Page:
The prophets have attributed a sceptre to Jesus Christ, an emblem of the regal autho rity of temporal kings: Thou shalt break them with a sceptre of iron." They attributed to him a throne, the seat of temporal kings: 'thy throne, O God! is for ever and ever; the sceptre of thy kingdom is a right sceptre,' Ps. xlv. 6. They attributed to him the armies of a temporal king: Thy people shall be willing in the day when thou shalt assemble thine army in holy pomp,' Ps. cx. 3. They attributed to him homages like those which are rendered to a temporal king: They that dwell in the wilderness shall bow before him; and his enemies shall lick the dust,' Ps. lxxii. 9. They attributed to him the subjects of a temporal king: 'Ask of me, and I shall give thee the heathen for thine inheritance, and the uttermost parts of the earth for thy possession,' Ps. ii. 8. They attributed to him the prosperity of a temporal king: The kings of Tarshish and of the isles, shall bring presents; the kings of Sheba and Seba shall offer gifts,' Ps. lxxii. 10. They attributed to him the exploits of temporal kings: He shall strike through kings in the day of his wrath; he shall judge among the heathen, he shall fill the places with the dead bodies, he shall wound the heads over many countries,' Ps. cx. 5, 6. They even foretold that the king promised to the Jews should carry the glory of his nation to a higher degree than it had ever attained under its most successful princes.

How could the Jews know our Jesus by these descriptions, for he was only called a king in derision, or at most, only the vile populace seriously called him so? Our Jesus had no other sceptre than a reed, no other crown than a crown of thorns, no other throne than a cross; and the same may be said of the rest. Never was an objection seemingly more unanswerable, my brethren: never was an ob jection really more capable of a full, entire, and conclusive solution. Attend to the following considerations:

1. Those predictions, which are most incontestable in the ancient prophecies, are, that the sceptre of the Messiah was to be 'a sceptre of righteousness,' Ps. xlv. 6, Heb. i. 8; and that they, who would enjoy the felicities of his kingdom, must devote themselves to virtue. They must be humble, and in lowliness of mind, each must esteem an other better than himself,' Phil. ii. 3. They must be clement towards their enemies, do. good to them that hate them, and pray for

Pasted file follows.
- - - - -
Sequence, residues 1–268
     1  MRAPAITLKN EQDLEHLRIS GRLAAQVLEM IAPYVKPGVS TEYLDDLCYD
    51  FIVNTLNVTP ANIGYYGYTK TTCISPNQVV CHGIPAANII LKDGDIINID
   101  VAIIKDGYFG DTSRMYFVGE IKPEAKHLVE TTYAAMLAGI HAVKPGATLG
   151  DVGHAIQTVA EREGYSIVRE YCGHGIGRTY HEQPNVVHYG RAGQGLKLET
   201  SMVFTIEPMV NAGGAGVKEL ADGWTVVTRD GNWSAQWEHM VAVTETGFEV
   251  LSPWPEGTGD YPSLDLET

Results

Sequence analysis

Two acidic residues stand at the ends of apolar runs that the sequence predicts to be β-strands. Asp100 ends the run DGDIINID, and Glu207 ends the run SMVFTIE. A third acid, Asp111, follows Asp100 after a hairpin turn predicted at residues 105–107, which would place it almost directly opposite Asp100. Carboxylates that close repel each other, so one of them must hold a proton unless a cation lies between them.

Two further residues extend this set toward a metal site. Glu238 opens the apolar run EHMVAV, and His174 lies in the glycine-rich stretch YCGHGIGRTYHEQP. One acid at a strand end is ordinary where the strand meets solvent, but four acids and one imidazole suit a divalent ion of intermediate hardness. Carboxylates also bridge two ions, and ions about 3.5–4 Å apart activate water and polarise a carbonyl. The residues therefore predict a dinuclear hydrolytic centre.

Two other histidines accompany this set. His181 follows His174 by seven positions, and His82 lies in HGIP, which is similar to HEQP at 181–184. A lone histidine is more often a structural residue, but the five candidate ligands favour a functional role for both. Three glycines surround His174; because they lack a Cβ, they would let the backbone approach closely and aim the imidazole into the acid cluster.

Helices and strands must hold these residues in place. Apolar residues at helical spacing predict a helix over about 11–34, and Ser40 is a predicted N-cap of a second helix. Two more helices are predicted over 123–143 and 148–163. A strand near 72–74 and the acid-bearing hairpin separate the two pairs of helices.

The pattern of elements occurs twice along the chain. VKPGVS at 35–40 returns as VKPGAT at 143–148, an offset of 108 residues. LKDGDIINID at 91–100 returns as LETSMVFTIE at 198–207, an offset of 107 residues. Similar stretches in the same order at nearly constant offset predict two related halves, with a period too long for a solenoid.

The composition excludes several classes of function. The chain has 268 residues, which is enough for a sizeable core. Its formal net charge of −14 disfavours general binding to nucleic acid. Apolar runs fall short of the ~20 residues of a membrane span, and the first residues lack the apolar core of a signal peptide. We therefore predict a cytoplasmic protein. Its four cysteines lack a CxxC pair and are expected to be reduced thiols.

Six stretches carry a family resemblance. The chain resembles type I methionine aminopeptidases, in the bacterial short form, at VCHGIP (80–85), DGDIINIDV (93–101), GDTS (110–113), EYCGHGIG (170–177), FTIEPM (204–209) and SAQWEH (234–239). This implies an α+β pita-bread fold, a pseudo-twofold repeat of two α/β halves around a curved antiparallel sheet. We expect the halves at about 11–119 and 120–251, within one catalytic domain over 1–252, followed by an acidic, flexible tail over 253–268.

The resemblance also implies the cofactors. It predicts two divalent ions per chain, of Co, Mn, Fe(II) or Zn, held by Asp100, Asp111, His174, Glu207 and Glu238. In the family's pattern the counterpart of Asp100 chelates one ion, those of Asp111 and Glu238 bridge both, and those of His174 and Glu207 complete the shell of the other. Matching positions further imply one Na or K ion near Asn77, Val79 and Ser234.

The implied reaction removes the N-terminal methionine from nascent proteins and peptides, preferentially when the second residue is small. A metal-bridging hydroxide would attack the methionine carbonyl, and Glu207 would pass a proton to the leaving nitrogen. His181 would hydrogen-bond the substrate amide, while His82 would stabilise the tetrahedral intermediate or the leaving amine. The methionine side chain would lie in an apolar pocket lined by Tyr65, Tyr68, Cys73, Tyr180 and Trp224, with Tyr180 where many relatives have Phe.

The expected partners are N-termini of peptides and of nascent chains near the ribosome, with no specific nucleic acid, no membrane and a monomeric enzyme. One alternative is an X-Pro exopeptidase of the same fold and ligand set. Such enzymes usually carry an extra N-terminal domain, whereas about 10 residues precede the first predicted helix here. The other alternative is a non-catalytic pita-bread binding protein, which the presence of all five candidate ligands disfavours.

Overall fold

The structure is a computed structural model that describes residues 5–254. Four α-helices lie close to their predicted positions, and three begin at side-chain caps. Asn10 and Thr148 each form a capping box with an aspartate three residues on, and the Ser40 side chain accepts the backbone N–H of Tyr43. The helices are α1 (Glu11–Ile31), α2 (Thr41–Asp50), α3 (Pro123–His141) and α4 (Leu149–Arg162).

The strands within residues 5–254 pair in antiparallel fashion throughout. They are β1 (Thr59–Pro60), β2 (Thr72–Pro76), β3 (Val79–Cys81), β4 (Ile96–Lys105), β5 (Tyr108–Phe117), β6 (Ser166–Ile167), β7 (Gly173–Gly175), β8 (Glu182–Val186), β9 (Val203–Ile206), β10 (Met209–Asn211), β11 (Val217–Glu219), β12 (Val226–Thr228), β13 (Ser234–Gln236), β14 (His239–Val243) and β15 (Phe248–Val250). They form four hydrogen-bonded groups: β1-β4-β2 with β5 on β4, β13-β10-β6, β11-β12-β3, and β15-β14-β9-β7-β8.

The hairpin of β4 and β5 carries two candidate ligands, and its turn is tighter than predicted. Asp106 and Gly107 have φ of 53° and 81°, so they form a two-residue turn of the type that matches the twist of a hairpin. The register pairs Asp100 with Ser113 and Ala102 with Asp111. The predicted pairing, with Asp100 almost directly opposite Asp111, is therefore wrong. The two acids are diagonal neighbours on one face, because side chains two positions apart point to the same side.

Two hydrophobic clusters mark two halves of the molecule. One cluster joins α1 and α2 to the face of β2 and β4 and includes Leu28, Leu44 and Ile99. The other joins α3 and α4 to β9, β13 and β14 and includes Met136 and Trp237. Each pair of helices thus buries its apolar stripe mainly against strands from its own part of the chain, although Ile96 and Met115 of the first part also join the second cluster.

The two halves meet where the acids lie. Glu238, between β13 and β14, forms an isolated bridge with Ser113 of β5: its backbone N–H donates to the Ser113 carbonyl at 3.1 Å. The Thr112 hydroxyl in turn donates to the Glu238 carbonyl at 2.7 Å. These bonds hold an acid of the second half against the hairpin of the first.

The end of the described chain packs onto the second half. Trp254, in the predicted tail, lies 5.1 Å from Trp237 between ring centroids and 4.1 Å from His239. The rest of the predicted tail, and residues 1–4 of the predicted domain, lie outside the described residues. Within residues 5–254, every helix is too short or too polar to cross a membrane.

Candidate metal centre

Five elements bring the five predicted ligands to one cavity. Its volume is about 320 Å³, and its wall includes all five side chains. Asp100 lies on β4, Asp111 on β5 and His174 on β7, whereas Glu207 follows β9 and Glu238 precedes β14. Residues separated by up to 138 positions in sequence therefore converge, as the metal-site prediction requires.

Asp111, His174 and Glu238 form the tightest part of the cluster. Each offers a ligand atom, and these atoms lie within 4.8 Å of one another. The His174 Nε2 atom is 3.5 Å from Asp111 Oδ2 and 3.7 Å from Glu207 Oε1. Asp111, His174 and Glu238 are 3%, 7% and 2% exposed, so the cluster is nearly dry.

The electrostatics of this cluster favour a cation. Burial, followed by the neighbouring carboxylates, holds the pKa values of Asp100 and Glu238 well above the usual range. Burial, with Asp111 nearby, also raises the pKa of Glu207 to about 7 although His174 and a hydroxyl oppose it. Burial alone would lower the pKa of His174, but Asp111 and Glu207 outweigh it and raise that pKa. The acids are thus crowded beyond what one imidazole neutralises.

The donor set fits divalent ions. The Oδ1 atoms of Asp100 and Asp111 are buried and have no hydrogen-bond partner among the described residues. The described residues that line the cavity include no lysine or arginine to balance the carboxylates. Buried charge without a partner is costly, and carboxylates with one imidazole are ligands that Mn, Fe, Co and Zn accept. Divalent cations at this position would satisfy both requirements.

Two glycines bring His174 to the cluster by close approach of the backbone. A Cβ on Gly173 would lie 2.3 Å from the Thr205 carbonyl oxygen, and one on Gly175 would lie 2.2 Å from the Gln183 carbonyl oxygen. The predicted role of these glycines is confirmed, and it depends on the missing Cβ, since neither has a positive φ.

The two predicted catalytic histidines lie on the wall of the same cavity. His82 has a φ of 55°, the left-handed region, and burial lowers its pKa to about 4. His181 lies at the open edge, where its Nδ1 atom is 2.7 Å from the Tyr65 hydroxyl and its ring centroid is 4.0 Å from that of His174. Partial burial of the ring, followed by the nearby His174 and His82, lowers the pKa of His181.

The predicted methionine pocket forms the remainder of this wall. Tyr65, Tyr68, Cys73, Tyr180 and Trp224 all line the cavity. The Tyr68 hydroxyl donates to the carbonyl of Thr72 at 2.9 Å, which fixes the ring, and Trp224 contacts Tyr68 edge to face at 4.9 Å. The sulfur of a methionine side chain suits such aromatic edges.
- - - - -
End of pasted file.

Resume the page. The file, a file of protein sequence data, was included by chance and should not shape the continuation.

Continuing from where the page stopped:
*Thou shalt break them with a rod of iron. Our author uses the French version, Tu les froisseras avec un sceptre de fer. The Hebrew word is put literally for a common walking-stick, Exod. xxi. 19; a rod of correction, Prov. x. 13; the staff, that was carried by the head of a tribe, or by a ma gistrate, as an ensign of his office, Gen. xlix. 10; the sceptre of a prince, and indeed for a rod, or staff, of any kind. It is put figuratively for support, affliction, power, &c. The epithet iron is added to express a penal exercise of power, as that of golden is to signify a mild use of it.

them which persecute them,' Matt. v. 44. They must subdue the rebellion of the senses, subject them to the empire of reason, and crucify the flesh with its affections, and lusts,' Gal. v. 24. But of all the means that can be used to subjugate us to those virtues, that which we have supposed is the most eligible; I mean, the giving of a spiritual and metaphorical sense to the ancient prophecies. What would be the complexion of the kingdom of the Messiah, were it to afford us all those objects which are capable of flattering and of gratifying our passions? Riches would irritate our avarice. Ease would indulge our sloth and indolence. Pomp would produce arrogance and pride. Reputation would excite hatred and revenge. In order to mortify these passions, the objects must be removed by which they are occasioned or fomented. For the purpose of such a mortification, a cross is to be preferred before a bed of down, labour before ease, humiliation before grandeur, poverty before wealth.